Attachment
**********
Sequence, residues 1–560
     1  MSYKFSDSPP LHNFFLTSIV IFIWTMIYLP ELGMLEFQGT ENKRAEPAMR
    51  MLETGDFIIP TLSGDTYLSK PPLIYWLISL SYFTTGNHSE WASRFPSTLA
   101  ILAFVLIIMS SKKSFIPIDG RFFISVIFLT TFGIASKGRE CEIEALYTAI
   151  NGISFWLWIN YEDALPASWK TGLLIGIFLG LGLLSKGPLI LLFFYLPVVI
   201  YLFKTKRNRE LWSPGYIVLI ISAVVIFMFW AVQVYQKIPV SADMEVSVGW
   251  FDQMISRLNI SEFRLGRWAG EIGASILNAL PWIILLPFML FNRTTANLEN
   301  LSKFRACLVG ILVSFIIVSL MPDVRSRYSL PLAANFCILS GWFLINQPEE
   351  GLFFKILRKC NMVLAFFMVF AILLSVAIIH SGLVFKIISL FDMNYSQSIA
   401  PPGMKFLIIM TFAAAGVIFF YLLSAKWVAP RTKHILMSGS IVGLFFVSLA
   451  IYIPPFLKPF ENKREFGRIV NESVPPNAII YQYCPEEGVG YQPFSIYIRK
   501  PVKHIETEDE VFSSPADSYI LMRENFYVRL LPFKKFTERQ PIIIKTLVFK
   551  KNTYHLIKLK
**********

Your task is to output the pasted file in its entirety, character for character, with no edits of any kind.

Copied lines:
Sequence, residues 1–560
     1  MSYKFSDSPP LHNFFLTSIV IFIWTMIYLP ELGMLEFQGT ENKRAEPAMR
    51  MLETGDFIIP TLSGDTYLSK PPLIYWLISL SYFTTGNHSE WASRFPSTLA
   101  ILAFVLIIMS SKKSFIPIDG RFFISVIFLT TFGIASKGRE CEIEALYTAI
   151  NGISFWLWIN YEDALPASWK TGLLIGIFLG LGLLSKGPLI LLFFYLPVVI
   201  YLFKTKRNRE LWSPGYIVLI ISAVVIFMFW AVQVYQKIPV SADMEVSVGW
   251  FDQMISRLNI SEFRLGRWAG EIGASILNAL PWIILLPFML FNRTTANLEN
   301  LSKFRACLVG ILVSFIIVSL MPDVRSRYSL PLAANFCILS GWFLINQPEE
   351  GLFFKILRKC NMVLAFFMVF AILLSVAIIH SGLVFKIISL FDMNYSQSIA
   401  PPGMKFLIIM TFAAAGVIFF YLLSAKWVAP RTKHILMSGS IVGLFFVSLA
   451  IYIPPFLKPF ENKREFGRIV NESVPPNAII YQYCPEEGVG YQPFSIYIRK
   501  PVKHIETEDE VFSSPADSYI LMRENFYVRL LPFKKFTERQ PIIIKTLVFK
   551  KNTYHLIKLK